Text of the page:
The world is no longer safe for democracy. For the past century, the United States stood watch as Western alliances expanded and freedom spread. Progress ebbed and flowed. Ground was undoubtedly lost under President Donald Trump. Yet we could take solace in knowing America’s military remained in the steady, safe hands of a highly respected retired Marine general.
That all changed yesterday. American Defense Secretary John Mattis’ sudden resignation shook the foundations of our national security structure in a way few personnel or policy changes could reverberate. Our nation, the world, is now grappling with the loss of the one man we believed could save us from catastrophe.
He was a good soldier. Not one prone to quickly throwing in the towel over personal slights or shifting political winds. So what does it say about President Trump’s plans that a man so committed to his duty would feel it simply untenable to carry on? It is alarming to think that a man who weathered fierce battles and myriad political storms in Washington could simply no longer muster the will or way to fight for his country.
Unlike many in the current administration, General Mattis wasn’t afraid to speak truth to power. His was the voice of reason in an age of virulance. He would remind the president of the costs and consequences of words and wars. I shudder at the thought of how precariously we are now perched on the precipice of calamitous conflict.
Despite the tweets and tempestuous times at the White House, we were told the generals were a safeguard for our national security. One by one, Trump has dishonorably dismissed them, or made them so disillusioned with their duty that they had no choice but to leave. Those that remain in the administration, Bolton, Pompeo, and Miller, are largely illogical idealogues. They place the attainment of political gain over the advice of those military officers. Gone is the notion that our nation is bound by principles, pacts, and proven past practices.
What does this mean for the world? In short, the United States will no longer serve in the tallest and most tested watchtowers on the frontiers of the free world. We are abandoning our outposts and retreating within the walls of our borders. The withdrawals from Syria and Afghanistan are clearly illustrative of this new policy. They are the reasons General Mattis could no longer face the men and women of our armed forces with a clear conscience.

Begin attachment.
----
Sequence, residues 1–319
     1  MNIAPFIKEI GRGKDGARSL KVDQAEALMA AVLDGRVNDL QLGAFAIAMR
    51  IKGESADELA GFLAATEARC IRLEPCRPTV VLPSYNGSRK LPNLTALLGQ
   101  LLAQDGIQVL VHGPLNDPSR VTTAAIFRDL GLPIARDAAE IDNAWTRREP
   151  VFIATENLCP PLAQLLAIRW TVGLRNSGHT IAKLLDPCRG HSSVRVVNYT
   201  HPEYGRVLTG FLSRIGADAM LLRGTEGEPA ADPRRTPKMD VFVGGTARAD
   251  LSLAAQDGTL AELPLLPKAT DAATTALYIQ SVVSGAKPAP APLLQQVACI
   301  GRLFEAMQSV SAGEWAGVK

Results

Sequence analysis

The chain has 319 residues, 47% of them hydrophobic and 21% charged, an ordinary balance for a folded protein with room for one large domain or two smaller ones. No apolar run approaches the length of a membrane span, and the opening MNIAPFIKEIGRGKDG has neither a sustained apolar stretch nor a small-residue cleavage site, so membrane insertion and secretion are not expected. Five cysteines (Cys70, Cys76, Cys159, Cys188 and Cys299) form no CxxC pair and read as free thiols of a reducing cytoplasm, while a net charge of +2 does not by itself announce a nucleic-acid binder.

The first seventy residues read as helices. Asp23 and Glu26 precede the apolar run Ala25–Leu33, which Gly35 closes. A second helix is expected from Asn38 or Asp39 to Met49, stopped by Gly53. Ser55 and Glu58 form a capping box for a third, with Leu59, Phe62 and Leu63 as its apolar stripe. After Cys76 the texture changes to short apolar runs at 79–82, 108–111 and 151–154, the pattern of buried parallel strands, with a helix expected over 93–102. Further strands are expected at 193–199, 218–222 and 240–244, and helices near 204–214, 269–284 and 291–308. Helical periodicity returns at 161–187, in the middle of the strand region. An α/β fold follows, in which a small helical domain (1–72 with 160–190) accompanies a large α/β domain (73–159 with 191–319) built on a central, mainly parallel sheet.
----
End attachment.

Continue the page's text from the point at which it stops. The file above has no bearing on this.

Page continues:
No respectable military leader would embrace Trump’s shortsighted, self-interested, and strategically stupid moves. They know all too well how hard-fought were the gains we achieved in Iraq, Syria, and Afghanistan. They can name those we lost. They don’t want to go back there again.
After Trump pulled the US out of the Iran Deal, I wrote here in the New Statesman that we are entering the post-American era – a time of dramatically diminished American influence around the world. My warning to foreign leaders was that the United States could no longer be counted on to serve as a pillar of global security and stability. New alliances need to be formed, new strategies devised.
Yesterday, we witnessed the last general of the American era bring a sobering end to his service. It was an acknowledgement that even his brilliance and bravery were no match for the populist forces sweeping over a significant part of our nation. Historians will look back at this as a watershed moment. This is when the long and steadfast tradition of our military defending freedom and democracy died.
There will still be great American military leaders. Yet, none will enjoy the status and sway of their storied predecessors. Their mission, will now be more narrowly defined in the national interest. The lore and legacy of indispensable country coming to the aid of democracy in its hour of need will fade. We have surrendered the special sense of purpose and pride that inspired generations to its ranks and allies to its side.
General Mattis will be remembered for answering the call of duty one last time. He diligently defended an institution, a nation he loved so dearly. We may never be able to restore our lost lustre and or the unrivaled global leadership we once enjoyed. I sincerely hope that military and civilian leaders of the future will look back on his service as a source of strength. The last general of the American era is likely to continue to be a stark symbol of how far we have fallen and what it will take to restore our honor.
Brett Bruen was Director of Global Engagement in the Obama White House and an American diplomat. He is president of the crisis communications firm the Global Situation Room, Inc. and teaches crisis management at Georgetown University.